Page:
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Helping Children’s Emotions Through COVID-19

Parents, you aren't alone, and your children will grow through this

On Tuesday, September 11, 2001 the nation was shocked by the news of a terrorist attack on the United States. Two airliners crashed into the World Trade Center and one struck the Pentagon. At the site of the World Trade Center in New York City, 2, 753 people were killed. 

On Monday, January 21, 2020, the first case of COVID-19 was confirmed in the United States. As of April 14, 2020, there were approximately 1,936,700 global cases of COVID-19. Over 459,015 people had recovered from the disease, while there had been 120,568 deaths. In New York City alone, 10,367 people have died from COVID19 related causes, as of April 13, 2020.

Both the World Trade Center terror attack and the World pandemic have left many with emotional distress including shock, horror, post-traumatic stress, depression, suicide, and anxiety. This includes both adults and children. 

In this installment of my daily emotional education series aimed at helping readers live healthier through COVID19, I’m going to focus on younger children, a group that is often left out of our focus. 

This one finding alone from Roberto Olivardia, a lecturer in psychology at Harvard Medical School, is why paying attention to youngsters now is especially important. He reported that as many as 1% of children may suffer from “maskaphobia,” a fear that continues for longer than six months. While usually thought of in relation to costumes and superheroes, in today’s mask-filled streets it is linked to COVID19.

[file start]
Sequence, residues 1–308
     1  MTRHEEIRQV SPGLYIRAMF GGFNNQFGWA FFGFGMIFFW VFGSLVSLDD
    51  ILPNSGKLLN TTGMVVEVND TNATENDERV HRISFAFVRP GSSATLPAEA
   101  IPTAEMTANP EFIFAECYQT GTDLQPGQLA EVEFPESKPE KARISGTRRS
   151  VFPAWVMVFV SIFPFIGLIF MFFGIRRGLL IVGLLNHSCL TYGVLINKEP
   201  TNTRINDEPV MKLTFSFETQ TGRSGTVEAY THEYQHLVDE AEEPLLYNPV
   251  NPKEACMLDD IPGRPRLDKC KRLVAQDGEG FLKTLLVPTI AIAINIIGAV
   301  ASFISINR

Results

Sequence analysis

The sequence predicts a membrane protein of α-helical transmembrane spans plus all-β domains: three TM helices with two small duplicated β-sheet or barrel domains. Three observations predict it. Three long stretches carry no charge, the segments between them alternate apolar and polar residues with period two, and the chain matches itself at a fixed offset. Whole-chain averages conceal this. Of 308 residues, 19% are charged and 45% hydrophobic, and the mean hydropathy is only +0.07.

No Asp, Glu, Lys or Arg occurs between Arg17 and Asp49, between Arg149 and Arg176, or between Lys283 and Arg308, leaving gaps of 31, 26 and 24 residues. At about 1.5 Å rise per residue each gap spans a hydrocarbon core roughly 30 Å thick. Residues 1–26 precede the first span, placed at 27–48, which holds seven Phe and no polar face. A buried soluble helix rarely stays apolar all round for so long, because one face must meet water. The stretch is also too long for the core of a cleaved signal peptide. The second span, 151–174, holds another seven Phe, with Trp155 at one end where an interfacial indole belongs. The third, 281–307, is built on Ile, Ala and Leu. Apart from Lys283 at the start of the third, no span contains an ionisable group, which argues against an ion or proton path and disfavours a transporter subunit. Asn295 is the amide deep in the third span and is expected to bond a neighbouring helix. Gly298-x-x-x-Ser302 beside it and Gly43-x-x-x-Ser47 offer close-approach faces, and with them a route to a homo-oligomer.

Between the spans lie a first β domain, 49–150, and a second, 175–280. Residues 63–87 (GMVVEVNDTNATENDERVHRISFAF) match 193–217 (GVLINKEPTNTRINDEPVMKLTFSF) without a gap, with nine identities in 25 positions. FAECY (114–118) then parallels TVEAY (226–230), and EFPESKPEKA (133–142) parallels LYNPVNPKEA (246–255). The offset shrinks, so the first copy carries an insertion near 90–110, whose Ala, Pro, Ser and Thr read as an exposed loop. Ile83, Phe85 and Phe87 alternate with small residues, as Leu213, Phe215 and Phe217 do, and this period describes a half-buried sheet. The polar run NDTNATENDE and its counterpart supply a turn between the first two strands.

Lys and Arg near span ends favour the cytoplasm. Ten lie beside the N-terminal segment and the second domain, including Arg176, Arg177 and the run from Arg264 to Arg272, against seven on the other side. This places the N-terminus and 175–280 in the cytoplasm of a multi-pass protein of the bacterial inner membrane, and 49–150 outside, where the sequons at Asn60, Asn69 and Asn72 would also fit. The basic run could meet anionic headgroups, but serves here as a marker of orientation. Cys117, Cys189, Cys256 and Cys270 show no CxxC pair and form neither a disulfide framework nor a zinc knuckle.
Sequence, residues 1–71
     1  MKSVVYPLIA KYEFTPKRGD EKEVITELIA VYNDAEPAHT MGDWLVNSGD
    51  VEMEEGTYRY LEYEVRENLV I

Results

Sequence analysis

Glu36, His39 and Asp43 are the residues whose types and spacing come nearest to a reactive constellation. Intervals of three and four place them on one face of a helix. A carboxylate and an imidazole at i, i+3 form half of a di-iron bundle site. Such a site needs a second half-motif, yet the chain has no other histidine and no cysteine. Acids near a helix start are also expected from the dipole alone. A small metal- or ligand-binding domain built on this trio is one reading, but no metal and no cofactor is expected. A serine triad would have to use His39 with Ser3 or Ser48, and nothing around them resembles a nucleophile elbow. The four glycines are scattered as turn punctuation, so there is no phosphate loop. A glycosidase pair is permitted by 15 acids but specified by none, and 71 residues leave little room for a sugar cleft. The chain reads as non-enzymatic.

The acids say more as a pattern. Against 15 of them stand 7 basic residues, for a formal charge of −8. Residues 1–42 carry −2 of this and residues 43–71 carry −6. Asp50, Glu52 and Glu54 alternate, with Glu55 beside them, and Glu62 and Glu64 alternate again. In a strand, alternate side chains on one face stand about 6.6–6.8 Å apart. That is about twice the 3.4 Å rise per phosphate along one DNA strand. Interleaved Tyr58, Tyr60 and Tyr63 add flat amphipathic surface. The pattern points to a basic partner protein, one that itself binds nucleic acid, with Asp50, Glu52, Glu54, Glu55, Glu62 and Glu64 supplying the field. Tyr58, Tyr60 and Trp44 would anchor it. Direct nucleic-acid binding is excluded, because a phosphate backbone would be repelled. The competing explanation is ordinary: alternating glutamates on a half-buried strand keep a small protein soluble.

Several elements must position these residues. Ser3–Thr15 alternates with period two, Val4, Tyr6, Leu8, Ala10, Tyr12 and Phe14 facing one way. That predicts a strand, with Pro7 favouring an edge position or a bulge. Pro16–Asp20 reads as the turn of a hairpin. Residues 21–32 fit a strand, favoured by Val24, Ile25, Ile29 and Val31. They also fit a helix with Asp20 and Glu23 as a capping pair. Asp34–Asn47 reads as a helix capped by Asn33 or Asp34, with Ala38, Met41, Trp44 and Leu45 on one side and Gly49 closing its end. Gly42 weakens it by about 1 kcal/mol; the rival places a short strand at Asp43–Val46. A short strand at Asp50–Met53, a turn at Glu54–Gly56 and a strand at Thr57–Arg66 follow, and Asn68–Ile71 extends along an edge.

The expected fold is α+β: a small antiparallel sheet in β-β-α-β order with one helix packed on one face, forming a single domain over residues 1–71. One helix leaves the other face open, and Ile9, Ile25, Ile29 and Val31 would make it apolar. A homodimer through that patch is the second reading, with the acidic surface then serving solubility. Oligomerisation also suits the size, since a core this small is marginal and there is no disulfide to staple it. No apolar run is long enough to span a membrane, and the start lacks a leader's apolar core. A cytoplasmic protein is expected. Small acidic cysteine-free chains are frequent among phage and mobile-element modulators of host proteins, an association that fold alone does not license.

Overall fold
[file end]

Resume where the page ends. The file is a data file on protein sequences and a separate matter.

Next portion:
Among the more common questions that I’ve been asked since this stressful outbreak with its consequent school closures and shelter-at-home restrictions, frightening masks, are how should we speak with our children about this event? Should we shield them from dreadful news about COVID19 or talk openly about it? How can we help children make sense of this calamity that we ourselves cannot understand? How will children react?

From balancing self-care, child-care, financial woes, job insecurities, concern for family and friends at a distance, and feeling overwhelmed by it all, this can be a very emotionally toxic time for parents. You are not alone. Some basic information and tools can help provide you, as a parent, with a sense of control and relief.

There is a wide range of emotional and physiological reactions that children display after hearing alarming news. Common indicators of emotional upset are typically based on the age of a child:

Young Children (1-6)

  • Helplessness and passivity; lack of usual responsiveness 
    • Generalized fear 
    • Heightened arousal and confusion 
    • Cognitive confusion 
    • Difficulty talking about event; lack of verbalization 
    • Difficulty identifying feelings